Is your current Customer Relationship Management process inefficient?
A fine-tuned social customer service strategy increases customer engagement.
In this article I’ll share four easy steps for developing a social CRM strategy.
Why a Social Media CRM Strategy?
Just about everybody uses social media in their daily lives. Why not use those online gathering places as an outlet for customer service?
A study by J.D. Power and Associates found that 43% of branded social media engagement by consumers ages 18-29 was customer service-related, as opposed to the 23% that was marketing-related. This means that social media is an even more useful tool for CRM than it is for marketing!
More recent surveys show that for over 40% of the polltakers, a quick resolution was the most important goal in a customer service exchange. For another 26%, having their problems resolved in a single interaction was paramount.
I talked with Ashley Verril, content strategist for Software Advice, and asked her for insights on how companies can align their social media and customer service strategies. Here is the four-step process Ashley shared with me.
#1: Choose Your Primary CRM Platform
While you may have active profiles on each of the major social channels, it’s important to designate one platform as your main customer support hub. The one you choose depends on your niche and where your customers are most active. Each option has its own benefits and drawbacks.
Facebook is still the largest social network in the world, so naturally it gives you access to the largest audience. Facebook also offers a great deal of flexibility for pages—you can easily use third-party apps to create customized question and answer pages (as seen below with Best Buy).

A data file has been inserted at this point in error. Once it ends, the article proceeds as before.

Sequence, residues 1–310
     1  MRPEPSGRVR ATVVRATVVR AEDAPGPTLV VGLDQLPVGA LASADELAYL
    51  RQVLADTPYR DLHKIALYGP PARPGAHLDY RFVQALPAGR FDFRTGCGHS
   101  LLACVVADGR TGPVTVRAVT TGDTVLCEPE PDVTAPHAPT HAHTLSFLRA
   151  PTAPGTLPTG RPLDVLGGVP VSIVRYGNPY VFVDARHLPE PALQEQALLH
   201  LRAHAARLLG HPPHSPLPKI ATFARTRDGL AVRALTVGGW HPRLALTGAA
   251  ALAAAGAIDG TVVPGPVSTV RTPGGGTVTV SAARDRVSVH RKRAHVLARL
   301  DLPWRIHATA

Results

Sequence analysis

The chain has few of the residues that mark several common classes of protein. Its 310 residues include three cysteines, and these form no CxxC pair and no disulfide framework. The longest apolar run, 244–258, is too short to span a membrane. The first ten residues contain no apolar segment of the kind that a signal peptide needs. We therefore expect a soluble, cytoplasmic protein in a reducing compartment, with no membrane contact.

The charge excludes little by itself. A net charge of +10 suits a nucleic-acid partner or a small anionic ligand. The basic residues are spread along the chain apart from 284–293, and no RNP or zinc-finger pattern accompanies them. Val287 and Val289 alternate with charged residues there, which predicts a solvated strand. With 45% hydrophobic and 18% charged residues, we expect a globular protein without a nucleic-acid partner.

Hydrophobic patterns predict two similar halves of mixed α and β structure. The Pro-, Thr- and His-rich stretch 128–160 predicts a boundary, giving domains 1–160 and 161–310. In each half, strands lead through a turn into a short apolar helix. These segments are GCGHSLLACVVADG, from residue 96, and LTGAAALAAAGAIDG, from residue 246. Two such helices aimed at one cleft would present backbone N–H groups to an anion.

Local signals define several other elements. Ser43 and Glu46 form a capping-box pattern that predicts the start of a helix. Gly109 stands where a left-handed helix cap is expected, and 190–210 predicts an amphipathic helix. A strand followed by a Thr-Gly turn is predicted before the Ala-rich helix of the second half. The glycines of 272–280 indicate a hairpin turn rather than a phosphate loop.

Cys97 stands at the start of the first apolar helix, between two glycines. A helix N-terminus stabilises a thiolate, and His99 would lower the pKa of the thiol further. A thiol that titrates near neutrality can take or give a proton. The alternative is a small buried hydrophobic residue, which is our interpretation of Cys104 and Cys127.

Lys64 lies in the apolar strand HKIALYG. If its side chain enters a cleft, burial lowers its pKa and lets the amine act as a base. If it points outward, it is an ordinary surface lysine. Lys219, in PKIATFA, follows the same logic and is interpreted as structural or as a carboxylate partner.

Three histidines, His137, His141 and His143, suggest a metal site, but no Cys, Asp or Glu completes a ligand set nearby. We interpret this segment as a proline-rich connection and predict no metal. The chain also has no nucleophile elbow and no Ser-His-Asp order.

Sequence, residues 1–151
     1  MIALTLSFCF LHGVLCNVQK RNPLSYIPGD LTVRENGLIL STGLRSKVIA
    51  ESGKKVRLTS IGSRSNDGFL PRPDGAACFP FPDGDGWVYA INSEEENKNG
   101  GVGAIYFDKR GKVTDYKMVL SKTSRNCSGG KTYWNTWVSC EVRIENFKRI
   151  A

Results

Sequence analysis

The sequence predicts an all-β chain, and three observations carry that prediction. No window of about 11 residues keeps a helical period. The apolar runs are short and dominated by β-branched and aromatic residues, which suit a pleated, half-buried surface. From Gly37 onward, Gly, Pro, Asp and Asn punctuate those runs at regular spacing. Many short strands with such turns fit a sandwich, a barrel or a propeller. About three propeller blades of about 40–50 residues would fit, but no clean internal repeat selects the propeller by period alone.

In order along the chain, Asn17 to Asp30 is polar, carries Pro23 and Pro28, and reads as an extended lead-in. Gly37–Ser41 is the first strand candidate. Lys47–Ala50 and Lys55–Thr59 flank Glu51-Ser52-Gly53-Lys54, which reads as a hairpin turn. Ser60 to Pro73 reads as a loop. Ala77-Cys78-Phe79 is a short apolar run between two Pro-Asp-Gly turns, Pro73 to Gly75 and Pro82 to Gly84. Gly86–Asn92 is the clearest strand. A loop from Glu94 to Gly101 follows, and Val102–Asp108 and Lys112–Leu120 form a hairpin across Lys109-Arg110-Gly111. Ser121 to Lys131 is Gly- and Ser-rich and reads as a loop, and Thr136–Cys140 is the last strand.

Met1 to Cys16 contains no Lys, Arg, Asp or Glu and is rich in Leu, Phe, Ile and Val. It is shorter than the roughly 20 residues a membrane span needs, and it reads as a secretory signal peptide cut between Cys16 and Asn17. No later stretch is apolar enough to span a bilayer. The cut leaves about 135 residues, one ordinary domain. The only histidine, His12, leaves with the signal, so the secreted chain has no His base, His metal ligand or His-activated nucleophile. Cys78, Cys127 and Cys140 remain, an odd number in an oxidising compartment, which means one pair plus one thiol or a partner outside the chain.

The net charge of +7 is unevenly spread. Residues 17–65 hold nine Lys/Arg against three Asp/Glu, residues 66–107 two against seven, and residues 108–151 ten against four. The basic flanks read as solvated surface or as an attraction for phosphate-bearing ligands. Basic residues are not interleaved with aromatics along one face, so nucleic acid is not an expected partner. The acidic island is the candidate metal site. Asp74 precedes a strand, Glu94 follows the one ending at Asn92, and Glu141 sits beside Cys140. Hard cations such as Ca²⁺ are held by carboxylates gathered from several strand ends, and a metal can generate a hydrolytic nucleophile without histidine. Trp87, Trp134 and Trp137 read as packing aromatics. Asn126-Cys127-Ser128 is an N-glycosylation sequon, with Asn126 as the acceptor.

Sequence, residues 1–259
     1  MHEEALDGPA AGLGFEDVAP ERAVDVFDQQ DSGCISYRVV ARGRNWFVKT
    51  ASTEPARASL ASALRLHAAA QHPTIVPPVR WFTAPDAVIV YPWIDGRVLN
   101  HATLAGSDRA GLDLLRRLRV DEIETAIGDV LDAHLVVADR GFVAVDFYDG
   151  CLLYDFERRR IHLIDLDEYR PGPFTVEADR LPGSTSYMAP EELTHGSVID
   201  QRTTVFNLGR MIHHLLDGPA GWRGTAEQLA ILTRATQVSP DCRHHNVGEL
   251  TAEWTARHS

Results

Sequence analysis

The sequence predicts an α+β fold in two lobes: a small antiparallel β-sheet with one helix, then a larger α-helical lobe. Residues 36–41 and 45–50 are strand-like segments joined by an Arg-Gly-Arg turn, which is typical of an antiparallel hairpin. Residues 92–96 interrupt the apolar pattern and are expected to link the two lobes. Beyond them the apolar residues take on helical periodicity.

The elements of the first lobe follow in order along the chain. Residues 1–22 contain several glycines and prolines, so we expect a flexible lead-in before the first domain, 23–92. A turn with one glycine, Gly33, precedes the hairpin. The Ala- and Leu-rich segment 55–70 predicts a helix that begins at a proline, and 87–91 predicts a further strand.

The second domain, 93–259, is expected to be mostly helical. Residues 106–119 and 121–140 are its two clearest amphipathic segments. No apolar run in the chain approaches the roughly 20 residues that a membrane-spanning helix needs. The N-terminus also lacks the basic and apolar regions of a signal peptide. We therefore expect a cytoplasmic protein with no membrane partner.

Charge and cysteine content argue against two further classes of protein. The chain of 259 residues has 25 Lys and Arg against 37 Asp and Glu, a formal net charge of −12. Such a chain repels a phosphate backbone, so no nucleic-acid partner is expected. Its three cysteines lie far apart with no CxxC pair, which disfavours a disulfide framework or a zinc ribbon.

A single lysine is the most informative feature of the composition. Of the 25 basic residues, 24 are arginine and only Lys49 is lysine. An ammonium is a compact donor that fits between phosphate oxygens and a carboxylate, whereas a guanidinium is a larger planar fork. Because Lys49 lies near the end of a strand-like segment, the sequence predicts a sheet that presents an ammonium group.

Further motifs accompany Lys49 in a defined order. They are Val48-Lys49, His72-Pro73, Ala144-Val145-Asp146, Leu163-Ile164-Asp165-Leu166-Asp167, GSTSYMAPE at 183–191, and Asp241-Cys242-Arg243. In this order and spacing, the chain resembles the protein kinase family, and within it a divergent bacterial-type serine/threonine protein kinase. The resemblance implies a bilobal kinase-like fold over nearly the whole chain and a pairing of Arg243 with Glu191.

LinkedIn is the main hub for professional contacts and B2B marketing. Unfortunately, the only effective way to connect with people on LinkedIn is through active networking. None of the forums are particularly conducive to open discussion—something you definitely need for effective customer service.
Google+ is the fastest-growing social network and has all of the resources of Google at its disposal. Right now, the platform appeals mostly to a technical audience and is more effective for B2B than B2C. While this may be the go-to platform a few years down the road, it’s still in the process of building a user base.
Many companies choose Twitter as their main social customer service platform because it’s quick, user-friendly and the character limit forces support requests to get right to the point. And, more often than not, Twitter is where customers go to voice complaints, and studies show they expect a response.
Having reviewed each of your options, which one should you choose? It’s always best to go where your customers are. Which of your social profiles has the most followers and the most engagement? That’s the platform to spend your time on.
Regardless of which platform you choose, make sure all of your customers and followers know how to contact you for support. Include links and information on your social profiles, your website and other marketing materials.
When you’ve set up your social customer service hub, start actively engaging with your audience. As customers comment or ask questions, respond to each one promptly and reassure them that you take their issue very seriously.
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#2: Prioritize CRM Response
As your audience learns to rely on social media for customer service, you may not have the time or resources you need to address every single concern. To keep your process running smoothly and efficiently, establish a method for organizing service requests and identifying which ones are most pressing.